When Kathryn Schultz heard about the talk and book signing scheduled for last week with Mary Higgins Clark at Mount Vernon, she quickly purchased a ticket for herself and her mother, Mary Jennison.
Schultz knew that her mother was a long-time fan of Clark and she wanted to make sure that she didn’t miss out on a once in a lifetime opportunity.
“I’ve read most of her books,” said Jennison. “They’re easy reading, you just plough through them.”
The $75 tickets gave admission to a two-hour program beginning with an 1800’s musical interlude, a conversation with Mary Higgins Clark, a reception and book signing. Clark delighted the audience with stories about how she got information for the book (she called the current director of Mount Vernon and invited herself for a visit), how the original title was all wrong (it was put on the shelves with spirituality books) and she managed to raise five children and write even after she became a young widow.
“I thought she was charming,” said Jennison. “She appears just like she does on television.”
As soon as the hour-long conversation with Clark ended, Jennison quickly exited the auditorium to be first in line to have her newly purchased book signed by Clark.
Jennison said that she was on the last chapter of “Mount Vernon Love Story,” a book written about George and Martha Washington in 1969 by Mary Higgins Clark. Mount Vernon hosted the event to celebrate the re-issue of the book.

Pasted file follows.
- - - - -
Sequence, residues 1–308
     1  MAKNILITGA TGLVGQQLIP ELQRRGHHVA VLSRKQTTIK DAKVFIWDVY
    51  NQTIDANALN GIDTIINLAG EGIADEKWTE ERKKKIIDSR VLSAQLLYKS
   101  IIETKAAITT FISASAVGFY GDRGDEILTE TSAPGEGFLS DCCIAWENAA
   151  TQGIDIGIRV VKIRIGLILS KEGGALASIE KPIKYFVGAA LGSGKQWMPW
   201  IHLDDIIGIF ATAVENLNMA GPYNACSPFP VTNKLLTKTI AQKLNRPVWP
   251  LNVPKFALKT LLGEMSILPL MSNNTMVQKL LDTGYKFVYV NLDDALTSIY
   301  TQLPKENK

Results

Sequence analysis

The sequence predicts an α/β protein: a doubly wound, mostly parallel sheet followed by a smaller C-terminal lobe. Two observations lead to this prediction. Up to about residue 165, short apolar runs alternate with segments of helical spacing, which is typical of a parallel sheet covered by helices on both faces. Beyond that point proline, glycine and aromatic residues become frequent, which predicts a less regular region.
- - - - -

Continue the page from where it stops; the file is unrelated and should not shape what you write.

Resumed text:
“It’s not one of her best, but it was very informative and entertaining,” said Jennison.
ORIGINALLY TITLED “Aspire to the Heavens,” the book written by the then-undiscovered author languished in book stores. It would be several years after that before she would strike it big with her first best seller, “Where are the Children?” Best sellers came rapidly after that and Mary Higgins Clark became a household name.
Yet, her original book, very different from the mystery novels that she became famous for, was virtually unknown.
That is until Mary Washington Shaffner, a descendent of George Washington, brought the book to the attention Jim Reese, Executive Director of Mount Vernon. She told him that it was a book that anybody working at Mount Vernon needed to read.
Reese read it and contacted Simon & Schuster to ask if they would consider re-issuing the book. They agreed, decided on a new title, and had one of the historians from Mount Vernon review it for factuality.
There was very little that needed to be changed. As usual, Clark had done her homework.